We found a 50 µM HCQ treatment in HEK293T cells dramatically decreased ACE2 receptor association with GM1 clusters, despite increases in both GM1 cluster size and number (Supplementary Fig. 2a–c). Figure 2b shows representative dSTORM images comparing the disruption of HCQ on colocalization of ACE2 and GM1 clusters. At short distances (0–10 nm), pair correlation decreased 41 ± 18% (p < 0.05) (Fig. 2c, S3A), confirming that HCQ acts as a chaotrope to disrupt the ability of GM1 clusters to sequester ACE2. This result is in agreement with its anesthetic-like mechanism of action and its effect on PLD213.
As mentioned earlier, ACE2 moves to PIP2 clusters in resting/low-cholesterol conditions. PIP2 clusters reside near disordered lipids apart from GM1 clusters due to a large amount of unsaturation in PIP2’s acyl chains18,60. To determine whether ACE2 moves to PIP2 clusters after HCQ’s disruption of GM1 clusters, ACE2 and PIP2 clusters were co-labeled in HEK293T cells at resting/low-cholesterol levels, then treated with/without 50 µM HCQ.
Figure 2d shows representative dSTORM images comparing PIP2 clusters (purple labeling) before/after HCQ treatment in HEK293T cells. Surprisingly, the pair correlation between ACE2 and PIP2 clusters was decreased (Fig. 2e) at all distances (Supplementary Fig. 3b). The decrease of 77 ± 25% at short distances (0–10 nm) (p < 0.05) suggests that HCQ disrupts ACE2 association with both GM1 clusters and PIP2 clusters, presumably forcing the protein to disordered lipids in the plasma membrane. Further characterization of the PIP2 clusters showed HCQ treatment decreased both the size and number of PIP2 clusters by 20 ± 4%, and 44 ± 13% respectively (Supplementary Fig. 3c, d).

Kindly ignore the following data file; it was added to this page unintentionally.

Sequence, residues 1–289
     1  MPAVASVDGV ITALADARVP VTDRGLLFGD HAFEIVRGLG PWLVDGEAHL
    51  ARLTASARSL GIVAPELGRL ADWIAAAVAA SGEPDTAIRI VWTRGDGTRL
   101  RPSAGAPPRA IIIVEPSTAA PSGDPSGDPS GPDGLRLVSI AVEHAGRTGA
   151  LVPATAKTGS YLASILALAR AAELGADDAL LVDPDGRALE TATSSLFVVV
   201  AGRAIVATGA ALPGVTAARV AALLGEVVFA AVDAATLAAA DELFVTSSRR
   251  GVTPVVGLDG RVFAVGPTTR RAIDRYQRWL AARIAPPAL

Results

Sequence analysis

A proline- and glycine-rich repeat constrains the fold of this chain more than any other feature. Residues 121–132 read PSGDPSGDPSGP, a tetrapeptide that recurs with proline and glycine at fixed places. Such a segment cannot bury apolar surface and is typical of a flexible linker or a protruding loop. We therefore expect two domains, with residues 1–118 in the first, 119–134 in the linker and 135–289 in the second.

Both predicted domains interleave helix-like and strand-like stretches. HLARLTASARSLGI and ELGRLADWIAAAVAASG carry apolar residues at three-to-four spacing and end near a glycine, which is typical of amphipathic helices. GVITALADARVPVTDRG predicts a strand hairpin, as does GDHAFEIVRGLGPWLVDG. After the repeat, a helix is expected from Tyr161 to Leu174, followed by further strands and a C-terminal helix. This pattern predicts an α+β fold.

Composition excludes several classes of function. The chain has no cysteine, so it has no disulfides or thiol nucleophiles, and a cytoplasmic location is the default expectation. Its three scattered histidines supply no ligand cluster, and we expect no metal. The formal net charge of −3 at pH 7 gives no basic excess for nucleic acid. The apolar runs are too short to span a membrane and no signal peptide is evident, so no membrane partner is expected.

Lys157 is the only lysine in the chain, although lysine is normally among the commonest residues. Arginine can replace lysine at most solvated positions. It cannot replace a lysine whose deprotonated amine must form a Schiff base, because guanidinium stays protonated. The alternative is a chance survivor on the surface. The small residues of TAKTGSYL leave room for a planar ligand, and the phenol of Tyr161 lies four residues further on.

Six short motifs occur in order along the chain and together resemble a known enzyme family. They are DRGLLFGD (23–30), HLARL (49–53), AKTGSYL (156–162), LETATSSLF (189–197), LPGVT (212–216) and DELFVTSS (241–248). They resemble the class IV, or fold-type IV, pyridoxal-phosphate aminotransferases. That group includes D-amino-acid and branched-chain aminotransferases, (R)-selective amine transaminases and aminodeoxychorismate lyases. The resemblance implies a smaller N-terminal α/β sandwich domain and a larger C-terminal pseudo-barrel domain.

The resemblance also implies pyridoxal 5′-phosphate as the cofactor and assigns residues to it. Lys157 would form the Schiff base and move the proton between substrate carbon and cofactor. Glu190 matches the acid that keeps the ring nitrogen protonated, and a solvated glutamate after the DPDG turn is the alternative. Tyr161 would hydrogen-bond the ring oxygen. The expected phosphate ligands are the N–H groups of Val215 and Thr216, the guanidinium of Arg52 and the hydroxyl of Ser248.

Next, we tested Vero E6 cells, which, as mentioned, endogenously express ACE2. Probing the nanoscale trafficking of ACE2 with endogenously expressed protein is important as overexpression can overwhelm the ability of GM1 lipids to sequester the receptor away from PIP2 and alter imaging results. Cholesterol-treated cells were fixed and stained for ACE2, and either GM1 clusters or PIP2 clusters. Within low-cholesterol conditions, ACE2 colocalized to both GM1 and PIP2 clusters (Supplementary Fig. 4a, b, Supplementary Table 1). Fifty micromolar HCQ treatment of ACE2 reduced the pair correlation between ACE2 and both GM1 clusters (59 ± 31%, p = 0.0789) and PIP2 clusters (32 ± 19%, p = 0.1071) (Fig. 2f, g).
In Vero E6 cells with elevated cholesterol, again, ACE2 associated with both GM1 and PIP2 clusters. However, 50 μM HCQ treatment had the greatest effect on ACE2’s association with both clusters (70 ± 17%, p < 0.01) (Fig. 2h, Supplementary Fig. 2g) compared to PIP2 clusters (52 ± 11%, p < 0.05) (Fig. 2i, Supplementary Fig. 2h). This suggests HCQ has its greatest effect on endocytic lipids when cholesterol is high (Fig. 2j).